The clinical spectrum of PARKIN disease (PARK 2) and heterozygous gene mutation carriers
To report the clinical variability of the affected sisters and to discuss the role of heterozygous gene mutation carriers in a family with autosomal recessive parkinsonism due to compound heterozygous mutation in the parkin gene (PARK 2).
Case 1: This 32 year old woman reported a three years history of progressive bilateral tremor of the hands. She presented with a jerky tremor of both hands resembling myoclonus-dystonia phenotype. There were no clear cut signs of parkinsonism, normal gait and full eye movements. The Levodopa challenge test (200mg) was negative. She reported gait problems in her younger sister (case2).
Case 2: This 23 years old sister reported a 4 years history of progressive gait problems. The clinical examination revealed dystonia with tremor and bradykinesia pronounced on the left side with worsening of leg dystonia when walking.
Further investigations showed a negative Levodopa challenge test (200mg), severe bilateral pre-synaptic dopaminergic deficit in the DaTSCANTM, confirming degenerative parkinsonism. As she presented with the most characteristic picture of a PARK-2- associated parkinsonism genetic testing was performed and revealed a compound heterozygous mutation in the PARK-2 Gene: A point-mutation c.714C>G; pC238W and a deletion in Exon 3.
Case 3: At the age of 45 the father of case 1 + 2 developed tremor in his left arm with only mild progression over the past years. At the age of 62 he presents with mild left sided parkinsonism with tremor and bradykinesia. He is likely either to be the carrier of the deletion or the point mutation.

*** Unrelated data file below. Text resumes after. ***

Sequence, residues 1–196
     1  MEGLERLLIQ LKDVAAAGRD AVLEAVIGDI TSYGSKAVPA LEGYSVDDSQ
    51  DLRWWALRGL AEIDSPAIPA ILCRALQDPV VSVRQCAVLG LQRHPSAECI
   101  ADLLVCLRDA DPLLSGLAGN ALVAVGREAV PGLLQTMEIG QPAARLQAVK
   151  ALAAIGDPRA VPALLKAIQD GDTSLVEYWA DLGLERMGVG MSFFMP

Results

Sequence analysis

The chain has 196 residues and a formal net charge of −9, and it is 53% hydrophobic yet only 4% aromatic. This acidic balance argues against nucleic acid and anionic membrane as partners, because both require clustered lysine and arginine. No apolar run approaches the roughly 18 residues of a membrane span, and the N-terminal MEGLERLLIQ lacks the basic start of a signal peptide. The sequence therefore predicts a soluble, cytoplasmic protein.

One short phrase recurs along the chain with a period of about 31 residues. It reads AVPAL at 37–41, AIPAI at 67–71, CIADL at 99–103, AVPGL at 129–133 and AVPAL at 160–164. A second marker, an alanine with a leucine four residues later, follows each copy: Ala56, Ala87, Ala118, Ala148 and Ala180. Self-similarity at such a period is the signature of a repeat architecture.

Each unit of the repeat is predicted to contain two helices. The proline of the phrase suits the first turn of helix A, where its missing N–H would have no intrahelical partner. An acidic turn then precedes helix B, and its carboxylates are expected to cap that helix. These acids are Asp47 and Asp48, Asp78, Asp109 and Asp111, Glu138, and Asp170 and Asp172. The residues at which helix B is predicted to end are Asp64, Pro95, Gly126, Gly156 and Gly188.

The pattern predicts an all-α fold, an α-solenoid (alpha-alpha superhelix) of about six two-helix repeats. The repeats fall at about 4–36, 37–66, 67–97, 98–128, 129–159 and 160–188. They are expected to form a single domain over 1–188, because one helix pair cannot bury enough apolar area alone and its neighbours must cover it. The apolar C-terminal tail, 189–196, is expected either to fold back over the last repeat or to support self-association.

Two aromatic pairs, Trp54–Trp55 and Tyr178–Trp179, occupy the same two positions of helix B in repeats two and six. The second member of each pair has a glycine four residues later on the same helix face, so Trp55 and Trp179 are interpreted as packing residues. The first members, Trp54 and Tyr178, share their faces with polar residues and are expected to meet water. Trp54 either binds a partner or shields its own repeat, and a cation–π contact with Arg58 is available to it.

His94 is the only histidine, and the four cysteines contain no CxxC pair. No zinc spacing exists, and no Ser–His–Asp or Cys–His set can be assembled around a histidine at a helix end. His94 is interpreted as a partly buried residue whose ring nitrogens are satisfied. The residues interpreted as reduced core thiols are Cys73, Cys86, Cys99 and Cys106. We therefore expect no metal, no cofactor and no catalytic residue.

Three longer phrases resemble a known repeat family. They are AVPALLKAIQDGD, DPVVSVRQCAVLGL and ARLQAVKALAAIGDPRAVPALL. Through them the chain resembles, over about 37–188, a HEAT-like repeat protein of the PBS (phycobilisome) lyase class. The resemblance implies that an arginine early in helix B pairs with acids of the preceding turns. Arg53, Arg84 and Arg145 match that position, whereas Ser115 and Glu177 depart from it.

Some points in this family with PARKIN disease are interesting and merit attention:
- Dystonia is a common symptom in PARKIN disease but the myoclonus-dystonia phenotype of the older sister is unusual. The clue to the diagnosis was the younger sister, who presented with a more classical young onset PD.
- Even though PARKIN disease is known to have an excellent response to Levodopa, the Levodopa challenge test was negative in both sisters. This underlines the lack of sensitivity of this test.
- It is an on-going discussion whether heterozygous carriers of one parkin mutation develop subtle parkinsonism. Case 3 presented here is a good example favouring this hypothesis. Further support comes from a F-Dopa PET study in parkin gene mutation carriers, which showed that in these cases mean striatal uptake is lower than in healthy controls. [Khan et al]
|citation||Walch J, Kägi G, Tettenborn B, & Stark R (2015). The clinical spectrum of PARKIN disease (PARK 2) and heterozygous gene mutation carriers. In .|
|type||conference paper/poster (English)|
|name of conference||19th International Congress of Parkinson´s disease and Movement Disorders (San Diego)|
|date of conference||18-6-2015|